For Nathan Abrams denying children like his Jewish status is a stain at the heart of rabbinic Judaism. Rabbinic being the operative word for the matrilineal definition of Jewish status does not appear in the bible. In the collection of writings that make up the Hebrew bible, Jewish status is actually patrilineal. It was altered to the female line in rabbinic times because of the perceived needs of that age.

It’s time for another rabbinic rethink, says Nathan. “What is the point of a Judaism that says a person who is born Jewish but does nothing to be Jewish is somehow better than the child of a Jewish father?”

Meanwhile Abrams, professor in film at Bangor University, is doing what he can to raise his kids as identifying Jews. “We celebrate the festivals and I try through regular conversation to counterbalance the Jesus stuff they’re learning at school. I often cook Jewish, too. I make a mean challah and we’re having falafel for dinner today.

“Ultimately, they will decide their path in life, but I want them to be in no doubt that they can take the Jewish one if they want to.”

Jeffrey Cohen, 72, is a patrilineal Jew who has only ever walked the Jewish path. As a boy he went to Talmud Torah five times a week and was always top of the class. Until, that is, the mother of the boy who always came second announced Jeffrey wasn’t a halachic Jew, and he was kicked out.

His dad died when Jeffrey was 15, so father and son never had an adult conversation about being Jewish. But Jeffrey knows his dad was a life-long anti-fascist and committed Jew who fought in the battle of Cable Street, and he says his father’s identity politics live on in him.

Unlike his dad, though, Jeffrey married “in” — twice, noch — and says he’d never contemplate a serious relationship with a non-Jewish woman. He volunteered in Israel’s 1967 and 1973 wars and made aliyah two years ago. Against that background, it should surprise no-one that his two children have also gone on to lead full Jewish lives.

However, none of this mattered when his late wife, a psychotherapist and grief counsellor, volunteered to visit Jewish patients at Barnet Hospital under the auspices of the United Synagogue.

“It was thanks, but no thanks,” says Jeffrey, “you’re married to a non-Jew.”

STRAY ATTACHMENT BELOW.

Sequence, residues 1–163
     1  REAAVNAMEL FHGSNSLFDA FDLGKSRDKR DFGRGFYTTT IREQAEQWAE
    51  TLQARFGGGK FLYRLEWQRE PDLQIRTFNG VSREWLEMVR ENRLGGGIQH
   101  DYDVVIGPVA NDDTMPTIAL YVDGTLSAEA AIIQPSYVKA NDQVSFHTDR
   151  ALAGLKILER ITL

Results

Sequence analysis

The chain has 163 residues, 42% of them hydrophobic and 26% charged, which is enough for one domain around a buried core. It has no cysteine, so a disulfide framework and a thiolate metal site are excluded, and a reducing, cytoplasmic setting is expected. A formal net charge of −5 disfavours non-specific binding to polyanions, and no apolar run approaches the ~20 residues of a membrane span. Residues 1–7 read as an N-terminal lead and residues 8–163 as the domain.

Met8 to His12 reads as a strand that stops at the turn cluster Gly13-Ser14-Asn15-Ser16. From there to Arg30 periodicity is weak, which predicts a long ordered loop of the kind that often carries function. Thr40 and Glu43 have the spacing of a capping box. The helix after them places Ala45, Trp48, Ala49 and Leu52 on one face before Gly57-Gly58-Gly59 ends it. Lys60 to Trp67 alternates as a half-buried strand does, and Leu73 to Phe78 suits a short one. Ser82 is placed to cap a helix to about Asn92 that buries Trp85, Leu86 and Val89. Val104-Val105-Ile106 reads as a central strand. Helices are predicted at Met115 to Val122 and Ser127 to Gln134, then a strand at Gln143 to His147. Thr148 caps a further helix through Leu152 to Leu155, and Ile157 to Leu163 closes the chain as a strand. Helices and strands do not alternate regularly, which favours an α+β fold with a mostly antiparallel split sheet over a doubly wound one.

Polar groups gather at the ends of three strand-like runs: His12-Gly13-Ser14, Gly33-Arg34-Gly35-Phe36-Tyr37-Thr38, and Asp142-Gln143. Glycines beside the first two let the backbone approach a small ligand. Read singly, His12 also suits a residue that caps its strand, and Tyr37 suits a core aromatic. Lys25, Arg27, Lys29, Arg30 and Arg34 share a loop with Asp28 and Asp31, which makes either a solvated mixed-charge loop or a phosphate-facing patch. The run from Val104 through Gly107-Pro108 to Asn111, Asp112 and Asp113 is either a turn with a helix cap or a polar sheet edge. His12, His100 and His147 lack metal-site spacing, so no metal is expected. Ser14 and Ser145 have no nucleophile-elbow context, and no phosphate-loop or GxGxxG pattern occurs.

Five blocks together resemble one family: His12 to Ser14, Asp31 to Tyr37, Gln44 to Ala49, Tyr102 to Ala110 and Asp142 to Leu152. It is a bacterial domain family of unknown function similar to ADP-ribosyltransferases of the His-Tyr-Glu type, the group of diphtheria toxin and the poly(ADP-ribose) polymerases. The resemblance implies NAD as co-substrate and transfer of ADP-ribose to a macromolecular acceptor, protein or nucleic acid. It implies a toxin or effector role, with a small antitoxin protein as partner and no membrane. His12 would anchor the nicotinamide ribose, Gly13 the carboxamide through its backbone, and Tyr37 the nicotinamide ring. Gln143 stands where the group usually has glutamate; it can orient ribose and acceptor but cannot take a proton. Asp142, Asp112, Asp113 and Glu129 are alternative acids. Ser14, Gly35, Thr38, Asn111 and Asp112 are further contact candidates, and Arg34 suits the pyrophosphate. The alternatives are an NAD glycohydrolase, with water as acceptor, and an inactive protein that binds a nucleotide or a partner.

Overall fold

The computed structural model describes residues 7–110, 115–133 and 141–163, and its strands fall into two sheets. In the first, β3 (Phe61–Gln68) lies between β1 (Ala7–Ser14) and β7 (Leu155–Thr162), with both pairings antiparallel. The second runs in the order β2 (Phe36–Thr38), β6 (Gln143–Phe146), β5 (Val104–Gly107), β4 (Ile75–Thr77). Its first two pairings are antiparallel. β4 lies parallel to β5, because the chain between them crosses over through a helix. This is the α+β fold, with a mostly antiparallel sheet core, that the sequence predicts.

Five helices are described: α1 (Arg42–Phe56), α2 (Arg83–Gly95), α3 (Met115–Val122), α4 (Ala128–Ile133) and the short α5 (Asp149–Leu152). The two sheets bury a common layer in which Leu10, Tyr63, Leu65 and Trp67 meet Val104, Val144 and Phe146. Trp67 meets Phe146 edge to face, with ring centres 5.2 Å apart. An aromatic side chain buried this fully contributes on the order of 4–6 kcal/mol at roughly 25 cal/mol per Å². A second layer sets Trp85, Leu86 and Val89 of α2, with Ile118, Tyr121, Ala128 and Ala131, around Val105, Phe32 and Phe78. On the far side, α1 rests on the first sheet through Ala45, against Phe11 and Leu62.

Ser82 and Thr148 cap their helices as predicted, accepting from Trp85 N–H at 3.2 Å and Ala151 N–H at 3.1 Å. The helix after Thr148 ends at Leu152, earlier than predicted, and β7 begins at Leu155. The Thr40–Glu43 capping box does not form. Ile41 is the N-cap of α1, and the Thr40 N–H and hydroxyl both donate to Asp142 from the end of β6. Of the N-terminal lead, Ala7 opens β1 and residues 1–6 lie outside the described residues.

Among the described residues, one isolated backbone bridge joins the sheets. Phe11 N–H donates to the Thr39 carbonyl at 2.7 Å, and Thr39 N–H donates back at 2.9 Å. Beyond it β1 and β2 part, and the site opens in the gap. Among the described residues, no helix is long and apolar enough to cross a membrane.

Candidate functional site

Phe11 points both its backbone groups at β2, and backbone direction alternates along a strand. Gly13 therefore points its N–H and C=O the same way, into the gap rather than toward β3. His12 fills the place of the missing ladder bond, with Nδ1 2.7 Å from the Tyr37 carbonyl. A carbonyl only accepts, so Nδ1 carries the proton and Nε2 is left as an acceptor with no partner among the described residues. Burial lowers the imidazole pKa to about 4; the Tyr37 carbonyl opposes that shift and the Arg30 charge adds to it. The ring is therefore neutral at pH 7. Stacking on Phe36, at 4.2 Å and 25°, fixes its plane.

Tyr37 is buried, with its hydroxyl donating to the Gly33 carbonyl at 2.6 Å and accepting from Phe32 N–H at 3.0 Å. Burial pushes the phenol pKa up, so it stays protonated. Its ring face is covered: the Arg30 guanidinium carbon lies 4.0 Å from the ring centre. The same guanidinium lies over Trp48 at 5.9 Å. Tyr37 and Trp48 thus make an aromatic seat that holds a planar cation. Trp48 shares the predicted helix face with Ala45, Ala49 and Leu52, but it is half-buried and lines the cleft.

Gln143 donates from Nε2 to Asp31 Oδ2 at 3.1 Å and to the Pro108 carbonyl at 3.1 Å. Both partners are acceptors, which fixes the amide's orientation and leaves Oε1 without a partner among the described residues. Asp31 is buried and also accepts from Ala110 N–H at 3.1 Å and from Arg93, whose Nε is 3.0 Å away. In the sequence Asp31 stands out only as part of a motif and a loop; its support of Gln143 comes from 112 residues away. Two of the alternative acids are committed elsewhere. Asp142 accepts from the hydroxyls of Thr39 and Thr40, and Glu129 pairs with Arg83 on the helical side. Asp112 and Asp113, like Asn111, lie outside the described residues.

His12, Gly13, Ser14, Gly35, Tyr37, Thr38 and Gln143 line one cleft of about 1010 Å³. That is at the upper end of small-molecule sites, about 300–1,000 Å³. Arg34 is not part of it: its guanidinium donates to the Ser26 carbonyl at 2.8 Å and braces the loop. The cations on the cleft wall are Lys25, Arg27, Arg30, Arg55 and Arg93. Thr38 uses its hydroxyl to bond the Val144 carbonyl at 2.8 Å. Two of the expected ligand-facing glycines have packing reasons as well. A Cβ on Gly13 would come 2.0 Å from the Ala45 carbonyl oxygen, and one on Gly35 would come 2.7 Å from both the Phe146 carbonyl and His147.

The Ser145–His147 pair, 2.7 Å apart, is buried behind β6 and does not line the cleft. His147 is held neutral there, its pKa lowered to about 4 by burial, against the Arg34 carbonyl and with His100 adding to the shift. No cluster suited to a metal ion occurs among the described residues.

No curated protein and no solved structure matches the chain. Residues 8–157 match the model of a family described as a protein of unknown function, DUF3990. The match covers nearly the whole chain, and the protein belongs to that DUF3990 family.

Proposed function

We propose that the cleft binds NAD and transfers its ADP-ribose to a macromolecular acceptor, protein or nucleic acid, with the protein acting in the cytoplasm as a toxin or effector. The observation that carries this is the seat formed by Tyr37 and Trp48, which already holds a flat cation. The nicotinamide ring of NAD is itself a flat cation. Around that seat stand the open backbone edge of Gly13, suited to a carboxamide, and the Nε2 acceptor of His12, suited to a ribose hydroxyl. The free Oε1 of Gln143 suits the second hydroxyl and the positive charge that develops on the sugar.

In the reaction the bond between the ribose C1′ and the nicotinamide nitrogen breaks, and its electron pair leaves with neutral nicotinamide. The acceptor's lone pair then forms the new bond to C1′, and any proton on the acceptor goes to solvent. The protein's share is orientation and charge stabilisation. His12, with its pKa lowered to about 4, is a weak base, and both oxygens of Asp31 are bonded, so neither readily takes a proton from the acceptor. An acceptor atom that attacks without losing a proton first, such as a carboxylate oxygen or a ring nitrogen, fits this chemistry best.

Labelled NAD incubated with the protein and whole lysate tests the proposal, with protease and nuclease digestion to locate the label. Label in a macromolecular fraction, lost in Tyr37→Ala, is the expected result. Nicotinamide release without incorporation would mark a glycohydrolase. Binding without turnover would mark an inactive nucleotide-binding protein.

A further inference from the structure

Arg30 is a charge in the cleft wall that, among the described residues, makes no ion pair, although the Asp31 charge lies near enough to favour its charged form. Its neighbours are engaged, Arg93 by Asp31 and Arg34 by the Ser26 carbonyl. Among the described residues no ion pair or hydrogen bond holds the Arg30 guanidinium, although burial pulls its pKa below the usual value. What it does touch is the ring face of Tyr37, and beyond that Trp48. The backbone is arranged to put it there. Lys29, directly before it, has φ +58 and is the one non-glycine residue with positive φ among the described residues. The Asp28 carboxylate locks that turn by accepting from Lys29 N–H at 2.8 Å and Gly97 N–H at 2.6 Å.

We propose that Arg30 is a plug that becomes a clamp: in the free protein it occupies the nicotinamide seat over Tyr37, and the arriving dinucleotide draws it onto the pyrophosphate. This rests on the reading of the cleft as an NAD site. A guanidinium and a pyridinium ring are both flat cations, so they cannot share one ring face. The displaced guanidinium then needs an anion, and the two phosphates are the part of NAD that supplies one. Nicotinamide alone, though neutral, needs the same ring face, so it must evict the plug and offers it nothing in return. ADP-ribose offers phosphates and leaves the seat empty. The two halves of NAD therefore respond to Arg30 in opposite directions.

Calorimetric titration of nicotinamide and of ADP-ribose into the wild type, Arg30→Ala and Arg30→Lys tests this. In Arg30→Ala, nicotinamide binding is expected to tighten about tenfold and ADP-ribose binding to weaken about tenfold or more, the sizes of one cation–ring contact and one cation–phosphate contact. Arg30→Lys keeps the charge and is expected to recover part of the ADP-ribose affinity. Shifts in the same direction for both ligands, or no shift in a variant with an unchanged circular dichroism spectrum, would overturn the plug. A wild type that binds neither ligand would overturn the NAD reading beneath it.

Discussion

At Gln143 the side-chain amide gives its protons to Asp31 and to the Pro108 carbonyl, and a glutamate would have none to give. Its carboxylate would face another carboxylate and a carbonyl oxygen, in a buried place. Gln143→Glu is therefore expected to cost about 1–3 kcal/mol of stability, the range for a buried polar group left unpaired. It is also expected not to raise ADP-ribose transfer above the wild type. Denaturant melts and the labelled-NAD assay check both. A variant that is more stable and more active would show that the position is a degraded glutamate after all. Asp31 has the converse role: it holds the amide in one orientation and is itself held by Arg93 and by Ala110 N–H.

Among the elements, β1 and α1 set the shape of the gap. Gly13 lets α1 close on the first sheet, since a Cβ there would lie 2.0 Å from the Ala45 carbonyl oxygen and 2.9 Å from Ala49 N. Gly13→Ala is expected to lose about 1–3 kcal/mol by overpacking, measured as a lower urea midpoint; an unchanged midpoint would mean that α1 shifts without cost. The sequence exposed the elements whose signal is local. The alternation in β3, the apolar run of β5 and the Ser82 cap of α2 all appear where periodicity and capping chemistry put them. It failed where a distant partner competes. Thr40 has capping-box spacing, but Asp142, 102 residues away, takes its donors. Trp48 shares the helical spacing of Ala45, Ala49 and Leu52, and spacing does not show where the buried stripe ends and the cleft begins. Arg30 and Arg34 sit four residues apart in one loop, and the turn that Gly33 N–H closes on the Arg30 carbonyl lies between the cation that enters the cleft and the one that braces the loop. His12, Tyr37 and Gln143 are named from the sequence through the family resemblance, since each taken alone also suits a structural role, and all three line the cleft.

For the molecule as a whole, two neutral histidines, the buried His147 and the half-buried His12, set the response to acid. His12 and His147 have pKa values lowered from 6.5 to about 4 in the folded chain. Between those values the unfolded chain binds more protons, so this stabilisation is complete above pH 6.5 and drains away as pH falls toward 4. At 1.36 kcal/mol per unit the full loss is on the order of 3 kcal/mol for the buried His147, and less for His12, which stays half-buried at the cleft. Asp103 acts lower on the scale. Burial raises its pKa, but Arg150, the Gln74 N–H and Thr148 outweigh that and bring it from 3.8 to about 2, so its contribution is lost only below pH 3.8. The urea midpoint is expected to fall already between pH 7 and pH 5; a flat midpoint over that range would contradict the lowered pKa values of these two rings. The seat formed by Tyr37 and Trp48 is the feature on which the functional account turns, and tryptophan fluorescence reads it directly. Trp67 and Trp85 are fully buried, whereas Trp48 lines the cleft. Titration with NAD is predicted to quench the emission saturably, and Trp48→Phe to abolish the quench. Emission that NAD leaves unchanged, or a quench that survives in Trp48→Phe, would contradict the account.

Academic Pete Newbon is also married to a non-Jew but, unlike Jeffrey, he grew up with next to no Yiddishkeit. His Jewish granny left the community after she met Pete’s grandfather who wasn’t Jewish: she knew her traditional family wouldn’t approve of her marrying someone outside the faith. As a result, Pete’s father didn’t have much of a Jewish upbringing, and didn’t really see himself as properly Jewish.

Pete, a director of anti-racism group Labour Against Antisemitism, is doing things differently with his daughters.

“I’m not religious at all, but I have introduced the girls to Jewish foods and we are working our way through the Genesis and Exodus stories,” he says.

“I’ve told my eldest very, very little bits about the Shoah, but it feels like it’s a fuller conversation that’s on the brink. And all three are really curious about this country Daddy is very excited about called Israel where it is very hot. We’re going to go on a family holiday there soon.”

“Sometimes they’ll say: ‘are we Jewish?’ And I’ll reply: ‘sort of’. I want them to feel there’s an element of choice in all this.”

Sarah Silvey-Fine’s choice is conversion. The 29-year-old feels “completely Jewish”, but says she wants to formally convert for the sake of the children she hopes to have with her traditionally Orthodox fiancé.

She’ll do this through the Masorti Movement which has indicated that the process will be swift. Sarah has three Jewish grandparents, teaches in a Jewish school and was raised on Jewish food and humour.

Not that any of this mattered to some of the Jewish men she dated before she met her fiancé.

“They didn’t see me as Jewish and it hurt. It also meant that when I went on Jewish dating sites, I was always a bit fearful, worried people would think I was being deceitful.”

When Sarah told her late father Michael Fine that she planned to convert, he was delighted. “He always wanted me to marry Jewish and was happy to know that I’ve become more observant than he was.” He would also have been delighted to see his family’s story in this article, says Sarah, who says our interview has been “very special to me.” Michael died of Covid-19 and this is his beloved daughter’s first Father’s Day without him.